MIAMI — He converted seven three-pointers against the Thunder in the game that gave the Heat the 2012 NBA championship. He started the June 20 Game 7 of the 2013 NBA Finals against the Spurs that gave the Heat their second consecutive title.
And now swingman Mike Miller, the Heat’s affable three-point gunslinger, is gone, essentially gone for good, after three seasons of playing alongside LeBron James, Dwyane Wade and Chris Bosh, advancing to the NBA Finals in each of those seasons.
Invoking their one-time right to waive a player through the NBA’s amnesty-release program and alleviate their luxury-tax burden, the Heat made the move with the 33-year-old veteran nine hours in advance of Tuesday’s 11:59 p.m. NBA amnesty deadline.
“You’re going to miss walking out that tunnel with these guys, collecting that ring next year with these guys. Those are tough things. Those are things you’ll definitely miss,” Miller told the Sun Sentinel shortly after his release was finalized.
Just four days earlier, Heat President Riley insisted the Heat would bypass the team’s amnesty option, despite the millions of dollars such a move would save against the increasingly punitive luxury tax.
The organization’s tune changed Tuesday.
“After many discussions internally and a sincere effort to explore the trade market, we made a very difficult decision to use our amnesty provision on Mike Miller,” Riley said in a release. “Mike had an incredible impact on the Miami Heat, helping us to three finals appearances and winning back-to-back world championships.”
Riley had said that a final amnesty decision would come in consultation with owner Micky Arison. That collective decision led to Miller’s release.
“This was a very difficult decision for me personally, the Arison family, (coach) Erik (Spoelstra) and the entire Miami Heat organization,” Riley continued in his statement. “Mike was one of the best we have ever had here, and will be sorely missed. We wish Mike, his wife Jennifer and their family nothing but the best.”
By waiving Miller and his $6.2 million contract for next season, the Heat realize a savings of $17 million on the NBA’s luxury tax for this coming season, with that savings on Miller to rise to upward of $40 million over the next two seasons, with the tax becoming even more punitive for the 2014-15 payroll.
Miller said he appreciated the economics.
“You knew that with this team, the further they got down the line, the more and more expensive it was going to be to keep this team together. And you subtract the variables of the Big Three and who’s next in line?” said Miller, who, until Tuesday, had the fourth-highest salary on the roster beyond James, Bosh and Wade.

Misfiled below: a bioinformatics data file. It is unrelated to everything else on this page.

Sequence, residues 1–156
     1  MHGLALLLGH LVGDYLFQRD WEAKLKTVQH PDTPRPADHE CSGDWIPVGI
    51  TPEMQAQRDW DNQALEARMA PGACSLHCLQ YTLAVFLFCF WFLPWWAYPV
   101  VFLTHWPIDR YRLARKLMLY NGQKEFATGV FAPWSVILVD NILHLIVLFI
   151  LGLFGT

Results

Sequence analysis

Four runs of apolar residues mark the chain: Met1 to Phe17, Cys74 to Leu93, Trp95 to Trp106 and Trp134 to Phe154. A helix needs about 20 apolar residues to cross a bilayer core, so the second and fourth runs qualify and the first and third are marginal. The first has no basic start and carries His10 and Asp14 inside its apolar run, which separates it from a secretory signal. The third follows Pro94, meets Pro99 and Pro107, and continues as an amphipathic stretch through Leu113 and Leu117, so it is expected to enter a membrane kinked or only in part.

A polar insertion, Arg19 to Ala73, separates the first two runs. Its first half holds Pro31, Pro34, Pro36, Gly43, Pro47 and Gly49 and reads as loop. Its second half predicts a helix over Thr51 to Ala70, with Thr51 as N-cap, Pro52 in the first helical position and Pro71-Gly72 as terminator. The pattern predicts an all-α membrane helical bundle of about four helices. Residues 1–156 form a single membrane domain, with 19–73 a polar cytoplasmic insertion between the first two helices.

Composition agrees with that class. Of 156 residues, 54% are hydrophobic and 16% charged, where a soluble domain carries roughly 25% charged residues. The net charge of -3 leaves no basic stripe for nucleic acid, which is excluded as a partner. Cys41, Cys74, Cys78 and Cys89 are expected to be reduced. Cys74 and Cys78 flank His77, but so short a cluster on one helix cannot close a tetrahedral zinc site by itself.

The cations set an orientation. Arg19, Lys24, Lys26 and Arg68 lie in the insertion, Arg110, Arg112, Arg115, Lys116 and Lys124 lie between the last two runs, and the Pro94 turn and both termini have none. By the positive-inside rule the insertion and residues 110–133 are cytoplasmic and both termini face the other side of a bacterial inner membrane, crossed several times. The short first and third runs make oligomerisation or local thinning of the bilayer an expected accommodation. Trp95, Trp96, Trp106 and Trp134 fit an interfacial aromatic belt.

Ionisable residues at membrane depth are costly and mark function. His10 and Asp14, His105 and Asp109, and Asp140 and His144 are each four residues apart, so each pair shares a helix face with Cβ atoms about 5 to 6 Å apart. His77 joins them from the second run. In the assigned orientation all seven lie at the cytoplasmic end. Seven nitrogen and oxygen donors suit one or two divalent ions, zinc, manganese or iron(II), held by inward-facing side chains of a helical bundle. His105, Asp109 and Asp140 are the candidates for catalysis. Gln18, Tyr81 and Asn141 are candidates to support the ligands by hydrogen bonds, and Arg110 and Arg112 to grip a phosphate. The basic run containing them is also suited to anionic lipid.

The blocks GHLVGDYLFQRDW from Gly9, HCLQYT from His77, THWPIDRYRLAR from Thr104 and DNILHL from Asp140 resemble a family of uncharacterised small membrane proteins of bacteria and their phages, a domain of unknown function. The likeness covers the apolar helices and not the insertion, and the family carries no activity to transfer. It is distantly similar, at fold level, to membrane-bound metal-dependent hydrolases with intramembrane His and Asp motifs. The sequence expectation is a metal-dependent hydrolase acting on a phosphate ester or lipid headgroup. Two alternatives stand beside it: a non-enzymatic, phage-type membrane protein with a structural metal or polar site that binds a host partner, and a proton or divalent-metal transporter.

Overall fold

After the Heat announced the release, Arison posted on Twitter, “Thank you Mike Miller m33m for 3 amazing years. You’ll always be part of the MiamiHEAT family #2TimeChamp #LetItFly”
Under amnesty rules, Miller is not eligible to return to the Heat until after the 2014-15 season, the expiration date of the contract the Heat waived.
It also means no other Heat players can be amnestied for the balance of the current collective-bargaining agreement.
The amnesty program, adopted at the conclusion of the 2011 NBA lockout, affords eligible teams with eligible players a one-time opportunity to release a player without having that player’s salary count against the luxury tax or salary cap, while still paying off that player’s full salary.
For the Heat, only six players were eligible for an amnesty release this offseason, with a requirement that they had to have been under contract prior to the end of the 2011 NBA lockout. The six were Miller, James, Wade, Bosh, Udonis Haslem, and Joel Anthony.
“Honestly,” Miller said, “it’s disappointing, because, I think, being a part of this and going for a three-peat would have been an unbelievable ride and a story. But I’ve been blessed, as well. I came here and got two championships and I can’t thank them enough for that opportunity.”
Had the Heat instead made the amnesty move with Anthony and his $3.8 million salary for 2013-14, the team would have realized a luxury-tax savings of $9.5 million off its 2013-14 tax bill.
Before Miller’s release, the Heat were facing a $33 million 2013-14 luxury-tax payment to the NBA in addition to their payroll costs. That penalty has now been halved, making it possible the Heat now pursue moves with their $3.2 million taxpayer mid-level exception.
Once a player is released through amnesty waivers, he is placed for bid to all teams with remaining salary-cap space. If he is not claimed through amnesty waivers, he becomes free to sign with the team of his choice.